A slacker seeks career success and sexual fulfillment in Chatterjee’s 1988 first novel, since proclaimed a contemporary Indian classic.
It’s set in 1983, when educated underachiever Agastya Sen (nicknamed “August,” and also English—for his avid Anglophilia) forsakes New Delhi to train as a District Collector (roughly, what a County Manager might be in America) in the overpopulated, underprivileged village of Madna. Everyone important to him is elsewhere: his girlfriend of sorts off to study in America, his mother deceased, his father absorbed in a high administrative post in Bengal, his pot-smoking best pal Dhrubo reachable only through letters in which Agastya itemizes his many frustrations. Madna, reputedly the hottest place in India, is a sinkhole of maladministration, adorned by the garish statue of Mahatma Gandhi that presides over its indigence, “run” by such non-notables as a police chief distracted by, and addicted, to pornography, and populated in part by coworkers for whom Agastya contrives a fictitious personal history complete with adoring wife and distinguished family. The duties of a District Collector are multitudinous and degrading, as evidenced by a painfully hilarious sequence in which Agastya is unwisely entrusted with devising a working water supply to replace a dried-up well. It’s an image of his own loneliness, depression, sexual tensions (relieved by compulsive masturbation) and avid consumption of pot (he gets through most days contentedly stoned). There’s a brief escape back to New Delhi, but the pursuit of a career in publishing is derailed by the manic incompetence of Agastya’s flamboyant second cousin Tonic. This beautifully written book strikes a nifty balance among satiric comedy, pointed social commentary and penetrating characterization. Widely considered India’s Catcher in the Rye, it also echoes both R.K. Narayan’s Malgudi novels and J.P. Donleavy’s classic portrayal of rampant, unrepentant maleness, The Ginger Man.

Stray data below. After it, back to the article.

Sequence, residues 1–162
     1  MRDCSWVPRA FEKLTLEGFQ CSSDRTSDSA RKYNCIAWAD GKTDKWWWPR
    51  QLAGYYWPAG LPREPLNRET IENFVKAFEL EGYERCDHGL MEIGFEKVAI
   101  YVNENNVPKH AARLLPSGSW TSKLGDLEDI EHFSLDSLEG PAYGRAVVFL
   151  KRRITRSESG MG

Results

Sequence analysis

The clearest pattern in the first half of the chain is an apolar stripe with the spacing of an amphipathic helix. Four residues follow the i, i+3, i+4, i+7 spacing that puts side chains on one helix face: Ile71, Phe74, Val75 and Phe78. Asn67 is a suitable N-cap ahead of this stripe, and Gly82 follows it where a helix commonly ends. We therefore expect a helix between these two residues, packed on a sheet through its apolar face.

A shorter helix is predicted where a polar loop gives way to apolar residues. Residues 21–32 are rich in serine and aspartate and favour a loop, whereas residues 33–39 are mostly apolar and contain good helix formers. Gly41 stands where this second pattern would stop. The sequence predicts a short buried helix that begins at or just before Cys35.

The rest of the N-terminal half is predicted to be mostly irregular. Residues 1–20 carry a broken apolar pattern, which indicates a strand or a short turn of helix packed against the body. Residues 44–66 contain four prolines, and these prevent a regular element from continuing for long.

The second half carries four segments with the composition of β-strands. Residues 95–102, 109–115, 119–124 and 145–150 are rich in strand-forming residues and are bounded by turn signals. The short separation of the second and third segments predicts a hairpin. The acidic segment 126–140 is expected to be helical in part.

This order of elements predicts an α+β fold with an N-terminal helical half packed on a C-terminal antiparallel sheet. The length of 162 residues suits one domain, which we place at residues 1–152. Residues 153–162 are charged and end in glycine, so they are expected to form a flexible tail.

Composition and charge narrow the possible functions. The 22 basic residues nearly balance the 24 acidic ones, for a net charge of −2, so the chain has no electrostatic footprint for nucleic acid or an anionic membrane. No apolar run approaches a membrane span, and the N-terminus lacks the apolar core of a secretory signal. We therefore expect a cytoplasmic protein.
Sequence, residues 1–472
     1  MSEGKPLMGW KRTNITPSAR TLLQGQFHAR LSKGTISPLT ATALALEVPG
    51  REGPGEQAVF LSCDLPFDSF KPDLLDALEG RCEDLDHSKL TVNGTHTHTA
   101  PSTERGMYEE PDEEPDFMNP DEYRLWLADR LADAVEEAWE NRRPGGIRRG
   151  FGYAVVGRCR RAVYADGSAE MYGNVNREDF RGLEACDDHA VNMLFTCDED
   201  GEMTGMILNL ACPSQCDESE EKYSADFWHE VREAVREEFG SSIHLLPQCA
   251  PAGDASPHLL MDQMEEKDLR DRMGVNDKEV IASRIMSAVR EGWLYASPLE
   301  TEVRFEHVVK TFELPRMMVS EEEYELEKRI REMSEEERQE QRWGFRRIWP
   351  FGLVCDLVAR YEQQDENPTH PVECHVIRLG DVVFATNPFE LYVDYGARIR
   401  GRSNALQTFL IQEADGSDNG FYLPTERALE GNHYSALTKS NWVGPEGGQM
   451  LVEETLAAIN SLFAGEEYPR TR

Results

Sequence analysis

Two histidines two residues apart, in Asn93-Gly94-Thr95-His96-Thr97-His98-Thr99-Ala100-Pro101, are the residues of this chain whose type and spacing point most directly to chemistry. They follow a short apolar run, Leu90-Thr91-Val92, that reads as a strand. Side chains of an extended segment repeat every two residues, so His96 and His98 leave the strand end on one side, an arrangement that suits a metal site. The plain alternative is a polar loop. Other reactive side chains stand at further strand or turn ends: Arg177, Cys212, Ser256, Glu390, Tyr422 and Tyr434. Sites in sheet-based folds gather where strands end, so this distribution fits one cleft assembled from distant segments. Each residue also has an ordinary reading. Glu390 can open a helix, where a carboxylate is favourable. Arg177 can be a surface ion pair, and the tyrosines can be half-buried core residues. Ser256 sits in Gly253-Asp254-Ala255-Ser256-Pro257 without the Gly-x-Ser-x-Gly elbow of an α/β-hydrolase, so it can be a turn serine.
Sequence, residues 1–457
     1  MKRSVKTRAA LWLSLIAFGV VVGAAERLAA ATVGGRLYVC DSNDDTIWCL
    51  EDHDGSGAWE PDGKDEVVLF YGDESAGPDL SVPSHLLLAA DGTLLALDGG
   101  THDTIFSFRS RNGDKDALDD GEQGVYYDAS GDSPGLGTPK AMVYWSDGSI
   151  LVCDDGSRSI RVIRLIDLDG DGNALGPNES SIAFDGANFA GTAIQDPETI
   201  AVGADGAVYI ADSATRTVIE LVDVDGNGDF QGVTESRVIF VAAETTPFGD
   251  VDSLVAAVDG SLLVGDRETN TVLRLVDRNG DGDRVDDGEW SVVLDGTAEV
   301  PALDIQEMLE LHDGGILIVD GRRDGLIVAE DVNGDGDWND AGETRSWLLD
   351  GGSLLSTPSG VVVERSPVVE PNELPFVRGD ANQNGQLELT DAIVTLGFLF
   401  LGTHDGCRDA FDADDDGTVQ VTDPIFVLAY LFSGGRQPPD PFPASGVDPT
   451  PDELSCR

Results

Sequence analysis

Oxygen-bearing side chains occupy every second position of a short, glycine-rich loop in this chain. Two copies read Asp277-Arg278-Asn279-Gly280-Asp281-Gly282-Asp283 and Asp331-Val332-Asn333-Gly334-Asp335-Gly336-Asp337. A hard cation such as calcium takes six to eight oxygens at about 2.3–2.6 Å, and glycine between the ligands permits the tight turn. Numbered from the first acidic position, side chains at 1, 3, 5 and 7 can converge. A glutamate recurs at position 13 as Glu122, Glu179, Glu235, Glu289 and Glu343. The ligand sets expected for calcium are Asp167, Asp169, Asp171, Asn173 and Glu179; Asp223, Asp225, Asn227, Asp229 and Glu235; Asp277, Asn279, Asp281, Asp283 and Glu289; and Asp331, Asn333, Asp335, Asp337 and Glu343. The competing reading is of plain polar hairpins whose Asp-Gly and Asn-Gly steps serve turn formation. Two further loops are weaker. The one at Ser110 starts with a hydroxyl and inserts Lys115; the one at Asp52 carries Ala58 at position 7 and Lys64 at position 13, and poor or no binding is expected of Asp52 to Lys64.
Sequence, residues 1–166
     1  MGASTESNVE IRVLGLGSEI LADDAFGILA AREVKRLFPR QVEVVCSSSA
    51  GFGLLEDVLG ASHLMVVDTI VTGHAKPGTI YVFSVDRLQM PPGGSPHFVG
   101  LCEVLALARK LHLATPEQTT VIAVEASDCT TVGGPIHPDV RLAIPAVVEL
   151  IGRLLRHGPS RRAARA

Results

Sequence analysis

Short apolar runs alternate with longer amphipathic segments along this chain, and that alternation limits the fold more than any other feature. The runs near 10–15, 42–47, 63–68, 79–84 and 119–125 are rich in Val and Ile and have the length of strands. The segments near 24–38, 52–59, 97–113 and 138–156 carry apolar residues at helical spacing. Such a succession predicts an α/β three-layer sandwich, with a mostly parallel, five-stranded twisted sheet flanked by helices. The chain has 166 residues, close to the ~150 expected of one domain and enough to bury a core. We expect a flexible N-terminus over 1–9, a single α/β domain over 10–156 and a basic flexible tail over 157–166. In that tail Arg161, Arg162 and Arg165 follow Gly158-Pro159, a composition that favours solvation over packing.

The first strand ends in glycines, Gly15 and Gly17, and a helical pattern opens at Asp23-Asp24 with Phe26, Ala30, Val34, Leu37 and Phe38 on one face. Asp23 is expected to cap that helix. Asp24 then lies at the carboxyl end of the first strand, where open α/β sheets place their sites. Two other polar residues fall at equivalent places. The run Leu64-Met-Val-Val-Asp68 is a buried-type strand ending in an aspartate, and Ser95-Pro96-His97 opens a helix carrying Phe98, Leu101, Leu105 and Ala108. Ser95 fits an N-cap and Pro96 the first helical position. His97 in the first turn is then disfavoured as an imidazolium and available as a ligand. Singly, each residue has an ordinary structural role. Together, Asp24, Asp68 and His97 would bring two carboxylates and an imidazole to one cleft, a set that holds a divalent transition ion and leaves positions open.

Excellent stuff. Let’s have Chatterjee’s other novels, please.